Jun 13, 2024 - Sale 2672

Sale 2672 - Lot 169

Price Realized: $ 45,000
?Final Price Realized includes Buyer’s Premium added to Hammer Price
Estimate: $ 50,000 - $ 70,000
(BOTANICAL.) Robert John Thornton. New Illustration of the Sexual System of Carolus von Linnaeus Comprehending ... the Temple of Flora, or Garden of Nature. 12 engraved calligraphic part titles, dedications and contents leaves, 10 uncolored engraved tables and plates including portraits of Thornton, Queen Charlotte and Thomas Millington, 2 portrait plates of Linnaeus (Lapland Dress and Knight of the Polar Star, each here in two states, colored and uncolored), 3 aquatint and stipple-engraved plates of classical allegory printed in colors and finished by hand, and 30 aquatint, stipple, and mezzotint botanical plates printed in colors and finished by hand; watermarks of "J.Whatman", "E&P", and "J.Ruse" variously dated 1794-1806 throughout. Folio, 22½x18 inches, contemporary worn and red-rotted diced calf, i.e., needs binding; moderate foxing and margin soiling, small early repairs to the Temple of Flora title and plate list; bookplate of Major Alfred Wynne Corrie to the front pastedown. London: For the publisher by T. Bensley, [1799]-1807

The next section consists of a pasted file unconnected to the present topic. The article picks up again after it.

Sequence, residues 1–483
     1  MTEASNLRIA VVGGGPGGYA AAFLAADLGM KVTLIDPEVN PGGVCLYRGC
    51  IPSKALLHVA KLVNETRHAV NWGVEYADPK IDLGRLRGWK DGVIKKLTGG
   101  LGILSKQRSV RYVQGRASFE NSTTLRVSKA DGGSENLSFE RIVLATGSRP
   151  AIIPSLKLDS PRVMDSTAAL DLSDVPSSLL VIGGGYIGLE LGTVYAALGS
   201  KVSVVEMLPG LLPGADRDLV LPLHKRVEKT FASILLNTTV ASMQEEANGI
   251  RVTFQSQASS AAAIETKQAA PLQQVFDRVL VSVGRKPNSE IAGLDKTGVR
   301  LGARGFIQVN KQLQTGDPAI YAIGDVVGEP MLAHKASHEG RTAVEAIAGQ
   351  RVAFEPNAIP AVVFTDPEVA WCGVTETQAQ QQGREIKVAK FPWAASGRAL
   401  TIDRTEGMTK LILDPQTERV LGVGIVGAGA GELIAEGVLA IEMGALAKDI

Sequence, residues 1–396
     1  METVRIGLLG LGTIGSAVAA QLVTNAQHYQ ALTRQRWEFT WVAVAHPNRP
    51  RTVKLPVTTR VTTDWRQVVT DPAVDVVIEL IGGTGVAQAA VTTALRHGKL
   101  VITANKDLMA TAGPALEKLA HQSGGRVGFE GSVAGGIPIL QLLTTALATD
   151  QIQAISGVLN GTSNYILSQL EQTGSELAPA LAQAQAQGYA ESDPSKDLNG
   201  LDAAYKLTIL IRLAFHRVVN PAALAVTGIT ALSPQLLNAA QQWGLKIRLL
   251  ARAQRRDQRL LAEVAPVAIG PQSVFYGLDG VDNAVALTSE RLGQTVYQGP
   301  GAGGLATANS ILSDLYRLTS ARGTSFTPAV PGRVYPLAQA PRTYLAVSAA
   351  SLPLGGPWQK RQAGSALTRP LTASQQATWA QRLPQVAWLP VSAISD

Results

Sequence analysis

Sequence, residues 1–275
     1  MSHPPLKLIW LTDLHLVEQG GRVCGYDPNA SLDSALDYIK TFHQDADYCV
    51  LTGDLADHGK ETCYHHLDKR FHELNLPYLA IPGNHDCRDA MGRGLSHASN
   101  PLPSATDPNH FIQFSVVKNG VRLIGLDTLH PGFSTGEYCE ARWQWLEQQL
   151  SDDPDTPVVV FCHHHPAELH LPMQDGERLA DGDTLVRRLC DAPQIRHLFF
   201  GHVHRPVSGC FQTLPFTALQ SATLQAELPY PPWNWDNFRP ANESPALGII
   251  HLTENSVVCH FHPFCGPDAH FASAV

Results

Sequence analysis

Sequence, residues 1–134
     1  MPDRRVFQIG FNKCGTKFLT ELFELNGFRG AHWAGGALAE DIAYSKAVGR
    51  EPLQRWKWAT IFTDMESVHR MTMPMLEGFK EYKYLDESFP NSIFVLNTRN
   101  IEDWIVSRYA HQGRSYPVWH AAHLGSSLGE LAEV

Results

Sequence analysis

Additional Details

"... perhaps the most splendid of all English flower books." -- Great Flower Books, page 3 (1990).

"In 1798 there appeared the first of a series of some thirty large colour plates which are unique in that they produce the first flower prints with landscape backgrounds, depicting the natural habitat of the plant. The life size flowers stand forth dramatically and the whole effect is startlingly modern. This large folio, entitled the Temple of Flora or New Illustrations of the Sexual System of Linnaeus, was published by Dr. Robert John Thornton a lecturer on medical botany at Guy's Hospital in London. His announced intention was to make this work the most magnificent tribute ever paid to the famous Swedish botanists by illustrating his Sexual System with the finest possible prints. It was a work on which no expense was spared. Such important artists were employed to produce the designs as Reinagle, Pether, Henderson and Sydenham Edwards. The best of the contemporary engravers, numbering among the mezzotinters, the well known Ward, Earlom and Dunkarton, and among the aquatint engravers, Stadler and Sutherland, were engaged to prepare the plates. And these were engraved on a larger scale than anything which had hitherto appeared and then were basically printed in colour, an expensive and uncommon method in England at this time" -- Dunthorne, Flower & Fruit Painters, page 37.